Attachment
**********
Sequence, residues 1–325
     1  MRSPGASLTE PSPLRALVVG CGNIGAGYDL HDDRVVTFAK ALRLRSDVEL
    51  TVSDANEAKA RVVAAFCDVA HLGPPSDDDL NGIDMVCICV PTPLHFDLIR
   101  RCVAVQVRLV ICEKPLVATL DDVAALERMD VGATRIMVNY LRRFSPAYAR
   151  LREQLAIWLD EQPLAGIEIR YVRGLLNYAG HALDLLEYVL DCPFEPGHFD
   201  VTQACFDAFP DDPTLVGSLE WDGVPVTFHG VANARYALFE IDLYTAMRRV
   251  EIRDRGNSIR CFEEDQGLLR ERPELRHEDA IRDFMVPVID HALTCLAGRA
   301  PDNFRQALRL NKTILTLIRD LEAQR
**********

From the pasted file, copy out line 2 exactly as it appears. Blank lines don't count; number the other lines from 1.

     1  MRSPGASLTE PSPLRALVVG CGNIGAGYDL HDDRVVTFAK ALRLRSDVEL